PrecisionHawk: Designing the Future of Agricultural UAS

Agriculture is one of, if not the most promising application of commercial drones in the immediate future. From pest management to water dispersal, data collected by drones is becoming an invaluable asset for farmers. Singularly well positioned in this space is PrecisionHawk, the North American-based developer  that uses a drone as part of their aerial agricultural artificial intelligence system.

Lots of experts are comparing the advent of the commercial drone industry to the rise of the internet or even the rise of the PC. What the Precision Hawk team realized is, successful companies that got in on the ground floor when these revolutionary technologies were taking off built not just a product for consumption, but an entire platform that collects data and puts it to work.

Precision Hawk has one (highly customizable) drone; its four feet wide, weighs three pounds and can carry payloads of about 2 pounds. The design is rather simple. What gives the Lancaster an edge is its “brain.” The UAV can be outfitted with an array of different sensors that collect data which is then processed by a central ‘hub.’

For example, a farmer says “fly,” the drone goes up, uses its ‘senses’ to collect data and spits out meaningful information about thousands of different hybrids of seeds spread over 20 acres of land. It truly is basic artificial intelligence.

“Precision Hawk provides an automated process that makes collecting and interpreting aerial data simple. The Lancaster platform does not come down until it confirms that there is an optimal level of image overlap to stitch an accurate mosaic together,” explains Precision Hawk’s Lia Reich. “The fact that our platform can achieve image resolution at sub 1 cm/pixel makes these mosaics even more valuable, especially in the agriculture market.”

But Precision Hawk understands just because you have a lot of data, doesn’t mean you have a lot of information; converting that data into actionable information is just as important.

That is why the 25-person team developed their own software platform, Precision Mapper.

“Our cloud technologies will allow anyone, regardless of prior aviation or photogrammetry experience, to collect and process the same quality of data that we could provide as a contract service,” Reich told DRONELIFE. “One of the other ways we do this is by offering a complete command center that can be run from a company’s headquarters. Every UAV platform collecting data, at locations across the world, can be coordinated from one software dashboard.”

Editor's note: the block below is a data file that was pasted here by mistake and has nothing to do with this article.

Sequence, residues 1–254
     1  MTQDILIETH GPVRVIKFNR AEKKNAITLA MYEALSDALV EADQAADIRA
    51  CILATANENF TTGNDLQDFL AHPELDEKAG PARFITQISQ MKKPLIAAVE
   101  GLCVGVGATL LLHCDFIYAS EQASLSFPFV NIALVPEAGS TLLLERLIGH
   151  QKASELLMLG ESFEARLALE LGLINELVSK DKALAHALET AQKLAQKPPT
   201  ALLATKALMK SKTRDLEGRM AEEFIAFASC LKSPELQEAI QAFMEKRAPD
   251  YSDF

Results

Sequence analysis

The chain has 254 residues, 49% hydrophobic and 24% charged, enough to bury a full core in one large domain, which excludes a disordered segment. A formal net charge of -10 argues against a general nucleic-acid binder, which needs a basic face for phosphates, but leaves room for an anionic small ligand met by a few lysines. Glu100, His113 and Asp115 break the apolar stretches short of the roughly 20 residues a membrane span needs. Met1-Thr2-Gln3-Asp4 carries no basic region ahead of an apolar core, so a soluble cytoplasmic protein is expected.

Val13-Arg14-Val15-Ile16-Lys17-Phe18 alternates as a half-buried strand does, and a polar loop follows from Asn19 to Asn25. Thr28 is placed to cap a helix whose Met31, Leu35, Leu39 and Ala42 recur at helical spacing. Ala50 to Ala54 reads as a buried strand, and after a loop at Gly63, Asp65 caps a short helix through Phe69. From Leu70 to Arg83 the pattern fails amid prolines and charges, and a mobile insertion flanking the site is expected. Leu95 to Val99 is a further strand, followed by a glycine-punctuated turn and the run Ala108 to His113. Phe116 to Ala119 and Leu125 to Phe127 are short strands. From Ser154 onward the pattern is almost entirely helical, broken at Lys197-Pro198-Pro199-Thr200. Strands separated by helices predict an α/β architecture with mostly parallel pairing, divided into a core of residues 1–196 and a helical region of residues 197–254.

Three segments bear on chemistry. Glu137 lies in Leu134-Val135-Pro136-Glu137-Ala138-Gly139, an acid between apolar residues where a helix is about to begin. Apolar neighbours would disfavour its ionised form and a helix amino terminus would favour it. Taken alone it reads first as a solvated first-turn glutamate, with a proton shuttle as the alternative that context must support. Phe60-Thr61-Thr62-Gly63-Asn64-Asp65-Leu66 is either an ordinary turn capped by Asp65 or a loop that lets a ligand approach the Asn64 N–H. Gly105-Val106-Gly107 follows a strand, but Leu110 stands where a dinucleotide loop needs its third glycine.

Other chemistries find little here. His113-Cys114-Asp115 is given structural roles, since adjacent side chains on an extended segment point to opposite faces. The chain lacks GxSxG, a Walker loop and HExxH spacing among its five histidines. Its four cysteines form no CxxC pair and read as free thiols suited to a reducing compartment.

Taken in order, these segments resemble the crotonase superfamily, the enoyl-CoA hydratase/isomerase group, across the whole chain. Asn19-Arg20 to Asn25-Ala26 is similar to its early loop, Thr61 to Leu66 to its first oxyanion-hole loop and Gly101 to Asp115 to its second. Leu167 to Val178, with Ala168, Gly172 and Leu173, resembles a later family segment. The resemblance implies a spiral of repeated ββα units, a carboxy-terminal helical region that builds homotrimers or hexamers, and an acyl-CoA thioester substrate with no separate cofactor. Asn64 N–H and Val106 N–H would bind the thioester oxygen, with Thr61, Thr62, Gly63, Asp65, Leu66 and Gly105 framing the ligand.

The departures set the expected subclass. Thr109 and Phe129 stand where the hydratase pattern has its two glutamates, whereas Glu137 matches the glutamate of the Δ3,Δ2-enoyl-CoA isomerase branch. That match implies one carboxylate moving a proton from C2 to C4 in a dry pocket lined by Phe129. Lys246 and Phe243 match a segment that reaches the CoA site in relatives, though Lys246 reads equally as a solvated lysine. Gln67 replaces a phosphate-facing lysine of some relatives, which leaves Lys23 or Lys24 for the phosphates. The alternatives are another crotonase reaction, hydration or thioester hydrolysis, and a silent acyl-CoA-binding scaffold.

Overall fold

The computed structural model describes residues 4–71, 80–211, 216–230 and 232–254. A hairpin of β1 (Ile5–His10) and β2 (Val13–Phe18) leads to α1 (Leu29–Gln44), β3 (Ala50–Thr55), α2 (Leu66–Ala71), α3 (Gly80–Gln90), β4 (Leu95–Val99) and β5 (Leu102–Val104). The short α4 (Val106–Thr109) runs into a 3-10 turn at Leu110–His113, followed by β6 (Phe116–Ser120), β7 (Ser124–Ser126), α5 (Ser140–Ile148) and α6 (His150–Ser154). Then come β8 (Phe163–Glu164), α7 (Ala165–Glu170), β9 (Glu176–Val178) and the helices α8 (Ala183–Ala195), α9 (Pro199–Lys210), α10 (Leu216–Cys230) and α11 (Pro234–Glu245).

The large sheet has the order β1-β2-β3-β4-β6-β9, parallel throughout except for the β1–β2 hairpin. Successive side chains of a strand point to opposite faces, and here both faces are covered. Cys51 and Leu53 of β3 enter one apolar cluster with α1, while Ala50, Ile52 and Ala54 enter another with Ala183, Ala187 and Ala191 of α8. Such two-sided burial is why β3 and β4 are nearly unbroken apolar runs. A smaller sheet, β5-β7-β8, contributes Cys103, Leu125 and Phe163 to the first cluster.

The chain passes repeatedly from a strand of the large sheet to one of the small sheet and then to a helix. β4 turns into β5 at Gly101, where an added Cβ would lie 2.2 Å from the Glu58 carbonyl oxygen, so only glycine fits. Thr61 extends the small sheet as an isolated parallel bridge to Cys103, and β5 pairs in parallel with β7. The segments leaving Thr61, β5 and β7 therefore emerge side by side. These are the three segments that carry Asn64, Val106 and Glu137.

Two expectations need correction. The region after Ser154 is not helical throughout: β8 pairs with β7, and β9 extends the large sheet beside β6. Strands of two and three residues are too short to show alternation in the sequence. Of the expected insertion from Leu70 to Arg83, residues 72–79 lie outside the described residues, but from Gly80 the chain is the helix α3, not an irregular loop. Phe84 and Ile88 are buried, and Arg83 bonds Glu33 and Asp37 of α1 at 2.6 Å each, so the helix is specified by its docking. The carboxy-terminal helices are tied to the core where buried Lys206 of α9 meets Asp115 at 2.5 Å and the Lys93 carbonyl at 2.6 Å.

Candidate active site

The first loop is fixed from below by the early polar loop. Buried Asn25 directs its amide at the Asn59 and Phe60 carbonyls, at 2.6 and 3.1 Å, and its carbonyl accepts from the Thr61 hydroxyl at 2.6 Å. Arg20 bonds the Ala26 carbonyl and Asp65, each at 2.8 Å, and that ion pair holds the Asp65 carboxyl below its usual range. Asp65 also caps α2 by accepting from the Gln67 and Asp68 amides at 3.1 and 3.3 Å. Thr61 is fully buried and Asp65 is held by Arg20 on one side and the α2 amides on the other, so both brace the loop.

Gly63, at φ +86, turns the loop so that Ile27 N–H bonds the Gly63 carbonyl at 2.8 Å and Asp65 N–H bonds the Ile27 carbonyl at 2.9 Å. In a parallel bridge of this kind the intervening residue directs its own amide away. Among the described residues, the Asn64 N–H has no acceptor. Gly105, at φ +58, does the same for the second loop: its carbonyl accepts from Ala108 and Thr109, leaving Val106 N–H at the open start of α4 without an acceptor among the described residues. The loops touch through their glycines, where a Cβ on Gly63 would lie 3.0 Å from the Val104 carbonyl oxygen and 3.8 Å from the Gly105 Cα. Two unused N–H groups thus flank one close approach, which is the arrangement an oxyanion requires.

An example of a Lancaster "mosaic" An example of a Lancaster "mosaic"

The tech is cool but there is a lot of red tape surrounding the (il)legality of commercial drone use in the U.S. So how does Precision Hawk get around it?

“When we are approached by U.S. companies we follow one of two courses of action. We either make connections to pair businesses with universities in order to fly with a COA [certificate of authorization], or we begin projects overseas,” said Reich.

The PrecisionHawk team believes their relationship with universities, in addition to their ability to provide IT solutions alongside UAS services, “will certainly give us the competitive edge as the FAA opens the skies to commercial drones.”

In the meantime, their goal is expansion.

“We have been approached in regards to hundreds of potential remote sensing applications, ranging from chimpanzee habitat mapping in Gombe to crowdsourced tornado response in Alabama,” said PrecisionHawk’s new VP for Geospatial Applications, Jason San Souci

But the most important part of growing their platform is tied directly to the inherent functionality drones provide.

As San Souci eloquently put it, “automated processes that eliminate human interaction with the data are imperative to scale.”

Not only is this true for Precision Hawk, but it characterizes the commercial drone industry as a whole. The point of using drones is to automate simple tasks. The companies that develop these automated processes are going to be leading the pack when commercial UAS explodes into the mass market.

If you have any questions or you simply want to learn more about Precision Hawk, San Souci is doing a Twitter Q&A on Thursday  at 8 pm EST. You can follow him on Twitter .

Read the original story here.